- Hovey, C. M., August 1846, “Notes of a Visit to several Gardens in the Vicinity of Washington, Baltimore, Philadelphia, and New York” (Magazine of Horticulture 12: 283)
- “The Philadelphia potters now manufacture the largest sizes that are needed for plants. We saw here several two feet in diameter and of good proportion; they are far better than the unsightly boxes which are every where used, and we hope to see these pots introduced in their place; they can be obtained for about two and a half to three dollars each, and they are so well made that, with careful handling, they will last any length of time.”
La Quintinie, Jean de, 1683, The Compleat Gard’ner ( 1982: n.p.)
“To Pot, is to put or sow any Seed or Plant that is tender or curious into a Pot, for its better and safer Cultivation.”
[Dézallier d’Argenville, A.-J.], 1712, The Theory and Practice of Gardening ( 1969: 77)
“CASES and Flower-pots serve likewise for the Embellishment of Gardens. In Cases, are raised Orange-Trees, Jasmins, Pomgranate-Trees, Myrtles, Lawrels, &c. which are regularly placed upon the Parterres of Orangery, . . . to form Walks between these, are put Pots and Vases of Dutch Ware, filled with Flowers of every Season, which are also set upon certain Forms made for that Purpose; or upon the Coping of the Walls of a Terrass, at a Descent of Steps; or else upon Plinths of Stone, in the Borders and Verges of Grass.”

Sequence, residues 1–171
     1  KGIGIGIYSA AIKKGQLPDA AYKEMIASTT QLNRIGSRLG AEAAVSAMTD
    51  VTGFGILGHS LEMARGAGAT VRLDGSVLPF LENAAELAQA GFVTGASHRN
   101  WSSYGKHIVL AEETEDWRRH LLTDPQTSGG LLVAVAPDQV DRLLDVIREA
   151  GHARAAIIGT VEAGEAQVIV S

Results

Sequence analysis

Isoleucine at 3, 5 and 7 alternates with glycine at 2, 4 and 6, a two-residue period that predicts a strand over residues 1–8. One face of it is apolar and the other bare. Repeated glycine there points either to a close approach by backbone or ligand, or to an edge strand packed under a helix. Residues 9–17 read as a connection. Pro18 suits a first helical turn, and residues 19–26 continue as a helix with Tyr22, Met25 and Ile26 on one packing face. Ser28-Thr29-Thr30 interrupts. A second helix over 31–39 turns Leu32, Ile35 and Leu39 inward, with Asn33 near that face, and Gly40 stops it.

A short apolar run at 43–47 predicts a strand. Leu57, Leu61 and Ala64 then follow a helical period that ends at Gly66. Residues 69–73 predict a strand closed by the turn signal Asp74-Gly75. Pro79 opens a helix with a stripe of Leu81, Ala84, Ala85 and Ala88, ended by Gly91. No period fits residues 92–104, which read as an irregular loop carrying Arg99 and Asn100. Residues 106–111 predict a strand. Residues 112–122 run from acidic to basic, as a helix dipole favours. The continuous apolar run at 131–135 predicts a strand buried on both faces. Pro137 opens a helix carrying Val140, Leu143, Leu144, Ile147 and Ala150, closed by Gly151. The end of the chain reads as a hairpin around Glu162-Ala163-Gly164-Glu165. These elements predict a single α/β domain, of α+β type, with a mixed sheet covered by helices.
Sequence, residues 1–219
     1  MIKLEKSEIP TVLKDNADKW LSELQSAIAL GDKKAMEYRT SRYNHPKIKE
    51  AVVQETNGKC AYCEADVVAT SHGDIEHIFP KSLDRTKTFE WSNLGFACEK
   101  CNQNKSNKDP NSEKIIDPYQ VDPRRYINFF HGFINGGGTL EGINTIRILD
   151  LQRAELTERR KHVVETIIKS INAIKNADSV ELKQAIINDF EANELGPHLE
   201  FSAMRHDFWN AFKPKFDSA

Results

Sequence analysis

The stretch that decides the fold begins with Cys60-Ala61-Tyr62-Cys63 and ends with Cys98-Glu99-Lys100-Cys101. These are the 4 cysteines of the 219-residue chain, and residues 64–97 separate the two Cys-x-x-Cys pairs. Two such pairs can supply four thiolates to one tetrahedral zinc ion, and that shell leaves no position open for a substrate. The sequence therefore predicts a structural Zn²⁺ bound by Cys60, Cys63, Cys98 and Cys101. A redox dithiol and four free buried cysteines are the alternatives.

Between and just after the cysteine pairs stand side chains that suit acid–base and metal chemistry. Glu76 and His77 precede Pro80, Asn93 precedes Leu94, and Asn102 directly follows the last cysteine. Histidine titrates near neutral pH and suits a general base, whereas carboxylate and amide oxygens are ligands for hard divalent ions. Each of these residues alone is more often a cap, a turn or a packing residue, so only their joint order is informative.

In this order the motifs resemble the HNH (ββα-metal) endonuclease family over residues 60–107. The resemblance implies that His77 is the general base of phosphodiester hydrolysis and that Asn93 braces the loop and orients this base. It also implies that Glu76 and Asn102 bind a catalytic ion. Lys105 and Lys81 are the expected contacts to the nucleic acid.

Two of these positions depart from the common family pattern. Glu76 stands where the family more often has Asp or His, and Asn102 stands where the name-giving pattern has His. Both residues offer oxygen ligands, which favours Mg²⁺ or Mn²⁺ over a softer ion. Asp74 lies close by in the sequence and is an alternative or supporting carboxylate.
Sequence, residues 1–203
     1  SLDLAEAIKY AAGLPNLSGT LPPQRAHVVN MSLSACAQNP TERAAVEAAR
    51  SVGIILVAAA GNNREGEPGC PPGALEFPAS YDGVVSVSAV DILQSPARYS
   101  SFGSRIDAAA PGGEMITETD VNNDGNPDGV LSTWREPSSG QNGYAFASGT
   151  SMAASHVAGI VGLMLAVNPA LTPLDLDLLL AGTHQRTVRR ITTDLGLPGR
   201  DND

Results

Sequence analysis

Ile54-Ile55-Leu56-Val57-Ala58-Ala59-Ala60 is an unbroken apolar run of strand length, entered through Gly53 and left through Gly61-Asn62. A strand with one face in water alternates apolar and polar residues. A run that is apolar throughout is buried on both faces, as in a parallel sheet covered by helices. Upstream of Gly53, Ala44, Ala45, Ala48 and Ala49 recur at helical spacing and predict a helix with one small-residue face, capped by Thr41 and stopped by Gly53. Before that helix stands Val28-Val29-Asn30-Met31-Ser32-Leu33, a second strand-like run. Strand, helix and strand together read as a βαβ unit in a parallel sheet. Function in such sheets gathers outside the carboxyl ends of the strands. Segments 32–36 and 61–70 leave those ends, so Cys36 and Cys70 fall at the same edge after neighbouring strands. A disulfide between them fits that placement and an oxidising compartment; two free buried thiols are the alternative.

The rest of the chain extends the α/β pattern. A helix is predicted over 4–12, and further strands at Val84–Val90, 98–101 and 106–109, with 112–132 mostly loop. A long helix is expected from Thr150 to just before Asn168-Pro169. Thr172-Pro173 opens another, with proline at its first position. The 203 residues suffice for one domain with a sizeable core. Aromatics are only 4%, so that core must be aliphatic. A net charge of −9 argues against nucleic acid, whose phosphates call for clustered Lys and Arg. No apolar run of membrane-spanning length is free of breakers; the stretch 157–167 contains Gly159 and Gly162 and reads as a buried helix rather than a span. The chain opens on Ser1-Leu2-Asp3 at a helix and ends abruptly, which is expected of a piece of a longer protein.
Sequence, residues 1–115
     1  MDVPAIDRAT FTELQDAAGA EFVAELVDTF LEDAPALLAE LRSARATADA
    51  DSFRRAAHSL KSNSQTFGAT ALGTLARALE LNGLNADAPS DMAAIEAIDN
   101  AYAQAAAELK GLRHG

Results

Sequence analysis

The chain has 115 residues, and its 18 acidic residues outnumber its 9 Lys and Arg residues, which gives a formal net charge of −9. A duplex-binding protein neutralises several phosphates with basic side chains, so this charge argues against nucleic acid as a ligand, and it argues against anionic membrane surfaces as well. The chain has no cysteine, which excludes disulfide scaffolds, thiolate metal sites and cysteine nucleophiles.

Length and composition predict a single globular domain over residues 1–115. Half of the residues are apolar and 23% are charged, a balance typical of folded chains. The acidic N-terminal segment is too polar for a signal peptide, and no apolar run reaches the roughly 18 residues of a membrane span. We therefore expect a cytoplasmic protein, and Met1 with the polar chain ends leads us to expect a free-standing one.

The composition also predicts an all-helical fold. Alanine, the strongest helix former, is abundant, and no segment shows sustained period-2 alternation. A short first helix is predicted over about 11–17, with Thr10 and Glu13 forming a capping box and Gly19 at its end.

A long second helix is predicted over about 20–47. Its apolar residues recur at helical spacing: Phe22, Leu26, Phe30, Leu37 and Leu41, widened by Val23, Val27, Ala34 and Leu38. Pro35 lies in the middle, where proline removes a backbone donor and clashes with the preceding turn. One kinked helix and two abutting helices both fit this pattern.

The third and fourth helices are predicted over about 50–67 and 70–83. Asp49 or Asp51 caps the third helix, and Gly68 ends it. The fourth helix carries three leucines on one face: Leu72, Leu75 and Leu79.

Cobbett, William, 1819, The American Gardener
“107. The plants [in a green-house], of whatever sort or size, must be in what the English call pots, and what the Americans call jars.”
Loudon, J. C., 1826, An Encyclopaedia of Gardening (pp. 284–85)
“1407. Of flower-pots there are several species and many varieties.
“The common flower-pot is a cylindrical tapering vessel of burnt clay, with a perforated bottom, and of which there are ten British sorts, distinguished by their sizes thus. . . .